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Safety Topic - Concrete Safety
7/29/2016 3:23:50 PM

Mason Construction, Ltd. has built a reputation for concrete work in the area and that has become the largest part of our business. As with all of our work, we focus on safely completing concrete projects for our clients. Our team works hard to ensure projects are completed on time and have experience  working with a variety of concrete jobs.

Individuals working in the construction industry have to be aware of appropriate Personal Protective Equipment (PPE’s) and working with concrete requires specific items. The following is a list of PPE’s according to the Tool Box Talks:

· Headgear - if there is a danger of falling objects, wear a hard hat. If working in cold weather, wear a hat to keep the body warm.

· Eye protection - wear safety glasses or goggles when pouring concrete. That way any splashing concrete stays out of your eyes.

· Gloves - it makes common sense to protect our hands as much as possible. Wearing gloves protects against scratches and cuts and possible infection because of the chemicals used in concrete.

· Long sleeve shirt/pants - this keeps concrete from splashing on your body. You can avoid burns that way.

· Kneepads - since concrete finishing often exposes knees to additional wear and tear, it makes sense to wear kneepads designed to take the stress rather than scraps of insulation held on by duct tape.

· Rubber boots - if wet concrete comes into contact with the skin for any lengthy period of time, we can get severe burns. Besides, it is easier to wash off rubber boots than to wash off and have wet feet with regular boots after pouring mud.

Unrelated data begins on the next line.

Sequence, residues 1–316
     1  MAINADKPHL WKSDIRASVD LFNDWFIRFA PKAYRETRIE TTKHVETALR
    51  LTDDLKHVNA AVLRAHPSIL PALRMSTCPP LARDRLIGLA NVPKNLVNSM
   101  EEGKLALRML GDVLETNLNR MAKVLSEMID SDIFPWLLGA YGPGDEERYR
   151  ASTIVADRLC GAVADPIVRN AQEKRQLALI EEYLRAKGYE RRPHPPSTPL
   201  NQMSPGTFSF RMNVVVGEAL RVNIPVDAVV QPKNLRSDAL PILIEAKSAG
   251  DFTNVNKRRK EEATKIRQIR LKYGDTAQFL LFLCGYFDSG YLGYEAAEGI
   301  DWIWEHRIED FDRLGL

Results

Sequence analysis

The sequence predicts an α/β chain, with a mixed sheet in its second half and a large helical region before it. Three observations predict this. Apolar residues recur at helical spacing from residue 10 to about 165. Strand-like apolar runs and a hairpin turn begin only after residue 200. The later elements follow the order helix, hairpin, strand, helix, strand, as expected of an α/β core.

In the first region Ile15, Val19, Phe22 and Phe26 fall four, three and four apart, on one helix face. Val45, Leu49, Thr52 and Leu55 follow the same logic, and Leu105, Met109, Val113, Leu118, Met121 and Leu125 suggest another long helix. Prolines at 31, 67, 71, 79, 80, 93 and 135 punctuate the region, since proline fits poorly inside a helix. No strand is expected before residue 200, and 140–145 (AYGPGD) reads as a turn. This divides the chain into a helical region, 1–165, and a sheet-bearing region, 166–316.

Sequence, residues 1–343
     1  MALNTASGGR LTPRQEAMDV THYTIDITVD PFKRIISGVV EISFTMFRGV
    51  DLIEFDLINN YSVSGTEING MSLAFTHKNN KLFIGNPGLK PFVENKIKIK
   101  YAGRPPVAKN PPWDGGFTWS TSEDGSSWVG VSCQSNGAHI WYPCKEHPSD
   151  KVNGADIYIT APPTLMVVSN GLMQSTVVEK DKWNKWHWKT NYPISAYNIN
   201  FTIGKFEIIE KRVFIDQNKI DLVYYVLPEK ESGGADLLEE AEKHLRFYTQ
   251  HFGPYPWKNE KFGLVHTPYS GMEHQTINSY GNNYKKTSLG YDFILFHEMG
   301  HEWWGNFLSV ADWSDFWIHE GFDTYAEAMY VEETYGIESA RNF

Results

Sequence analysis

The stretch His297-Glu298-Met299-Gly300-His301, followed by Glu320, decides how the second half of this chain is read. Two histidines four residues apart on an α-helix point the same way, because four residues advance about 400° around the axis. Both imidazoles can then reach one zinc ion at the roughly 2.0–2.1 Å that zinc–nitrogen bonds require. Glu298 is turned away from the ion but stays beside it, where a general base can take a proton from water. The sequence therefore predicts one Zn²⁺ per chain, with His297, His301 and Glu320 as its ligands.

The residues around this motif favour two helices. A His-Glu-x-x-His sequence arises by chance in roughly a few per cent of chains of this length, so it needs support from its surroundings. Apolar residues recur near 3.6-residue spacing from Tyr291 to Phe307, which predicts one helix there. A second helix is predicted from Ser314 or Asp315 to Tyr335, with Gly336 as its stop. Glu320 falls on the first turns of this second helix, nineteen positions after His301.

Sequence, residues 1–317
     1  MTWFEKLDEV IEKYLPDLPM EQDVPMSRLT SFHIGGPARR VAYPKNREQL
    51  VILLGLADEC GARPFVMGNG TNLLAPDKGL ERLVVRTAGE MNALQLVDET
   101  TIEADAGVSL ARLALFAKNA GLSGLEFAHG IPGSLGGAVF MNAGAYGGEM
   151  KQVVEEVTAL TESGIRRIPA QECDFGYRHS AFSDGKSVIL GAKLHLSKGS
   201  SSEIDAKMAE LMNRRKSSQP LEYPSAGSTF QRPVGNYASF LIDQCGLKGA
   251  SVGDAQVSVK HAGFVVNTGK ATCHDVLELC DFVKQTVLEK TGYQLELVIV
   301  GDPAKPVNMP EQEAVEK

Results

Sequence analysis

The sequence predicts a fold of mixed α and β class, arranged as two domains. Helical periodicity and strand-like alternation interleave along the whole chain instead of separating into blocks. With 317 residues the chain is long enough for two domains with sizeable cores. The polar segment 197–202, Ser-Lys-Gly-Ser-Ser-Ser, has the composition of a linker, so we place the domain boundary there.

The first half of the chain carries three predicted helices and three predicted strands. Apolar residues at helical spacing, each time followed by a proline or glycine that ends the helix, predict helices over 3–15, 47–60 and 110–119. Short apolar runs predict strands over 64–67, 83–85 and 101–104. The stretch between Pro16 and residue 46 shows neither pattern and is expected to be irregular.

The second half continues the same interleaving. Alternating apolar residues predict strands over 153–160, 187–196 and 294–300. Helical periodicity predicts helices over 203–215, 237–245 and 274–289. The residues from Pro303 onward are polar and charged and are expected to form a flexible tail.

Even with the proper Person Protection Equipment, workers need to be aware of safety hazards around concrete jobs.

· When concrete chutes are raised or lowered at the rear of a concrete truck. Always keep your fingers out of pinch points. One slip can mean the loss of fingers or even a hand. The same thing applies any time an extra chute is added to the truck. Watch where you put your hands and get help to lift the add-on chute.

· Pinch points are all around concrete buckets. Never ride a bucket and make sure that no one is working under the load. If the crane or pump truck operator cannot see the pour be sure to use a qualified signal person. When placing concrete with a bucket, know the capacity of the crane, do not overload. A test lift is advisable. Avoid swinging the bucket near power lines. Contact with an energized power line can kill or injure.

· Also remember that wet concrete conducts electricity. All tools and cords must be grounded, and do not allow metal bull float handles to come in contact with electrical wiring or light bulbs.

Make it a safe day!

Resources:

http://www.lni.wa.gov/safety/topics/atoz/toolboxtalks/pdfs/ppeconcreteconst.pdf

http://toolboxtopics.com/Construction/Oldies/Concrete.htm

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